Thursday, July 30, 2009

Friends, it's time to get your witch on

Never too early to try on Halloween costumes. This one is a vintage hat and cape made by my mom, originally worn by my sister in 1979 and known in our family as "The Weenie Witchie."

This year, Audrey ain't no good witch.

Tuesday, July 28, 2009

Add "pesto" to the list of meals that require an immediate dunk in the bathtub

She loves to eat independently, with utensils, but she tends to eat the pasta out of one fist while waving the fork like a conducting wand in the other. Whatever. I've got plenty of wash-cloths to deal with the aftermath.

Here's Audrey entertaining her parents and Aunt Janna using only her sparkling wit and a greasy rag:

Aunt Janna's in town!

Finally, someone to read Dr. Seuss with a fresh, I-haven't-read-this-a-zillion-times lilt to her voice!

We also made a quick trip to the Museum of Science where Audrey was most enthralled with the "chine" that stamped our hands.

Daddy stretch

As important as working out regularly is doing a proper cool-down and stretch routine afterward. Audrey takes part in Scott's "daddy stretch" after his occasional morning run. It's finally become real summer here so the only time a sane person can run is early in the morning. Not to say there aren't lots of people running in the heat of the day but these individuals baffle me. Who would want to be out there in the sun and the muggy heat, braising in their own sweat? Inexplicable.

Thursday, July 23, 2009


That's all!

Some things are just instinctual

Audrey demonstrates, with no coaching from me, that there is one way and one way only to eat a California olive.

Behold: the double olive throw-down.

Meet my sister-wife... Scott's new iPhone

We have a simple seven-word sentence in our house that is the answer to any question you can possibly think of: "There's an iPhone app for that."

It's true! Ask Scott! There is!

Monday, July 20, 2009

Did I say I'd post California pictures?

I think I made some vague comment about posting photos and an elaborate description of our trip to the Bay Area, where, for any of you who don't already know, we are going to pick up and move our soon-to-be four ring circus here in about six months.

Well. It turns out we just didn't take all that many pictures because it was a really short, and very busy trip. In sum: California is quite different than we are used to, it's so expensive it makes our eyes water, and yet we maintain a steady faith that we are going to like-- perhaps even love-- our new home out there once we get to the other side of the enormous change. I will say that we stood out absurdly in our sun hats and liberally applied sunscreen, in a land where most women my age are starting to look like old pieces of fruit leather.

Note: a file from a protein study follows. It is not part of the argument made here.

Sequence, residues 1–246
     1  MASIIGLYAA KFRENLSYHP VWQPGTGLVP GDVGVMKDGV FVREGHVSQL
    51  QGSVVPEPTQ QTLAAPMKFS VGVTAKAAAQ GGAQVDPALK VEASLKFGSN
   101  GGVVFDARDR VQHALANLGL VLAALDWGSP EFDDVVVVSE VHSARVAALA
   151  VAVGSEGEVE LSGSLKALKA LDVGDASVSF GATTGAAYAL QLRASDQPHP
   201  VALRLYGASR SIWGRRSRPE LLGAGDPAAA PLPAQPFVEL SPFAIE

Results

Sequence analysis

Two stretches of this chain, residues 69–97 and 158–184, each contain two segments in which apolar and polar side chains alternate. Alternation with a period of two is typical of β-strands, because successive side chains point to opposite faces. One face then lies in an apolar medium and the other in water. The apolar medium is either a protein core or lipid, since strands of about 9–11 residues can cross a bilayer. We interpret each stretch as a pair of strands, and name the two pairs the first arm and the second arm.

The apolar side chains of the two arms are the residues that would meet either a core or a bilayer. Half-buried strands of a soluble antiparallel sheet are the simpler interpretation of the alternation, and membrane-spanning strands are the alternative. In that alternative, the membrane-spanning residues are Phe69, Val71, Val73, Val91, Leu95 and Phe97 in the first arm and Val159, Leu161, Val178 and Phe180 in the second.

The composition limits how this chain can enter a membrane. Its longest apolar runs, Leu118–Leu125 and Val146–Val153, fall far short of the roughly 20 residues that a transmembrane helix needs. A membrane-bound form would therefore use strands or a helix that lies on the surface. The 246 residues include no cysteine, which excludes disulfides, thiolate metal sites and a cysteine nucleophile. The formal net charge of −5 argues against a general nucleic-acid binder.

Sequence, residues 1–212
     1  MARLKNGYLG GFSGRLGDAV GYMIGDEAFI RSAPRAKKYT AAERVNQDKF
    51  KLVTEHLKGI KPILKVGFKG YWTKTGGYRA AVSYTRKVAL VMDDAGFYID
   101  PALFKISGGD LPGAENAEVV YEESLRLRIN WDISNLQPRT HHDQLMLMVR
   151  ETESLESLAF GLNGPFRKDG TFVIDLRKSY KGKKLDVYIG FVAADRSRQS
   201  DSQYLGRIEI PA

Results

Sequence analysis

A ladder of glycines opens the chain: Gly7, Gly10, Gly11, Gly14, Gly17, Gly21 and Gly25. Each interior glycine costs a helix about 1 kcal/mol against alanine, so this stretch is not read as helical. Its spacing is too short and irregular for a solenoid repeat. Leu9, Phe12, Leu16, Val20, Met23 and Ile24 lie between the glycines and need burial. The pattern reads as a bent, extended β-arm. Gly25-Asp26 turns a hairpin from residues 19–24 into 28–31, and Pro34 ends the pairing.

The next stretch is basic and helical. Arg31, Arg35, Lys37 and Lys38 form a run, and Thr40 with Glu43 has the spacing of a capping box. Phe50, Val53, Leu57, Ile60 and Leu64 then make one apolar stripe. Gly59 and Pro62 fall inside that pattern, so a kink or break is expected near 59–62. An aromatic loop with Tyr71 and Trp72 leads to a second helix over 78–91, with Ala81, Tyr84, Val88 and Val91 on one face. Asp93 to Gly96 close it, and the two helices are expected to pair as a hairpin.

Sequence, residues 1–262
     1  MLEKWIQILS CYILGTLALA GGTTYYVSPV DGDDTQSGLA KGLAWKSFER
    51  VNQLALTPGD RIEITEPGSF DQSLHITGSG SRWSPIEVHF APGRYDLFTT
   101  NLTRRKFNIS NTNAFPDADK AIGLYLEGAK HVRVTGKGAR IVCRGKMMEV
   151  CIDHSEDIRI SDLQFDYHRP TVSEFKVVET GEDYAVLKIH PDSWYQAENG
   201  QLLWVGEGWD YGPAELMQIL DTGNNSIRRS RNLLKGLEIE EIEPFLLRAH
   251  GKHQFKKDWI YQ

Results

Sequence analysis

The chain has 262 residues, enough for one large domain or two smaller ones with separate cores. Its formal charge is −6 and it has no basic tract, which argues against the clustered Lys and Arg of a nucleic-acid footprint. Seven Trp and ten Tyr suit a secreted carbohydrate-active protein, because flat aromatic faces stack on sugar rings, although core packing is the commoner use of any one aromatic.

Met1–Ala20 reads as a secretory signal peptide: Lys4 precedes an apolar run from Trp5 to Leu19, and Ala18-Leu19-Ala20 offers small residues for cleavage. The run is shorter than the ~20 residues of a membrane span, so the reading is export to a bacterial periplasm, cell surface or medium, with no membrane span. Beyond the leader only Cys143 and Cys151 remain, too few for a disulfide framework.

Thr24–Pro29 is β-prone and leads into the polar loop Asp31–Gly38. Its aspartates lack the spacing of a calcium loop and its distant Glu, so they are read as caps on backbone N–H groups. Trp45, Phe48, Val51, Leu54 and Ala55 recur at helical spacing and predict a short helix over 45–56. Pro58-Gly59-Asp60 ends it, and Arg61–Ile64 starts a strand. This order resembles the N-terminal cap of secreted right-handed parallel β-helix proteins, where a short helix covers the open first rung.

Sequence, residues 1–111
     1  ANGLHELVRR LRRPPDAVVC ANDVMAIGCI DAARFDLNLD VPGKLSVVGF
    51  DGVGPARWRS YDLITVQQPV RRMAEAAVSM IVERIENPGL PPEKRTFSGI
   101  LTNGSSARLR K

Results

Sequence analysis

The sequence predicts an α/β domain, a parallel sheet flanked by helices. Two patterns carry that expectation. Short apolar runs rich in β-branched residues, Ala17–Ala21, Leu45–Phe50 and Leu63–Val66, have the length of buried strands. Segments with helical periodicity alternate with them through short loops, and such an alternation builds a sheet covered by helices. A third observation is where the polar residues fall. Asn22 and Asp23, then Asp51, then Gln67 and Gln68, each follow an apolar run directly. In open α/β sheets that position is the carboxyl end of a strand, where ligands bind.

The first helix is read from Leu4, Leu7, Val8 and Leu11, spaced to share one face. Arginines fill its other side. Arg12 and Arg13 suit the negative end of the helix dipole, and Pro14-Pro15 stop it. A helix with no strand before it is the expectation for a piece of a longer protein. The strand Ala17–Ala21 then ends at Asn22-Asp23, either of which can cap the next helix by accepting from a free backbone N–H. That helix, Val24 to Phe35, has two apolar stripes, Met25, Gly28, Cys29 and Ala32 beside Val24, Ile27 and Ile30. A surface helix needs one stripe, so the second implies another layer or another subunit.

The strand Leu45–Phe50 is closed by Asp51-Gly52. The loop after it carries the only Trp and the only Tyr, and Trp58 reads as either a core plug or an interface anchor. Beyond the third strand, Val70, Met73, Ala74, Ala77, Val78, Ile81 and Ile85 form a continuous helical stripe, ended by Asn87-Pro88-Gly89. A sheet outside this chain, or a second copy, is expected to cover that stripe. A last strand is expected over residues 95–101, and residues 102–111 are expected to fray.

The photo up top was taken in Palo Alto when I took Audrey for the morning to a playground and water park for toddlers. The one below is at our local supermarket where they keep a few farm animals on hand to distract shoppers who may be less interested in the display of pricey cheeses than they are in "oinks." Audrey is especially a fan of the llama who charms her despite his extremely crooked teeth and bad breath. And she actually does go for the pricey cheeses-- they pair so well with her favorite cocktail olives.

Tuesday, July 14, 2009

A story about poop, with apologies. You can just be grateful there is no accomanying photo with this one.

This is the kind of story that people without kids never, ever want to hear, and I don't blame them. You may be one of those people even if you have kids. Sorry if this is just too gross for anyone's sensibilities. And don't even bother reminding me that I swore I would never tell stories like this-- I'm so past that now.

This morning I brought Audrey into the bathroom so she could consider the option of using the potty, and as she stood there thinking about it, she pooped on the floor. It startled her so she kind of jumped out of the way, and in so doing, she stepped right into the mess she'd just made. As I scrambled to help her, and to contain the mess, I also stepped in it. Scott (who was trying to catch up on sleep having worked very late the night before) heard me calling for help, jumped out of bed and ran right into the bathroom-- to the rescue!-- and stepped directly into it too. So here we all are, up to our ankles in doo-doo, quite literally, and Scott and I are trying desperately not to scare Audrey or make this a negative potty training experience so we're all like, "Yay! Good for you! Good try!" and smiling like idiots while we try to figure out how to move without getting more of the you-know-what onto ourselves, the wall, the bath mat. It just felt... I don't know. Typical. And crazy at the same time. We all had to have a bath and a number of things had to be sterilized but in the end I think Audrey viewed her performance as a success.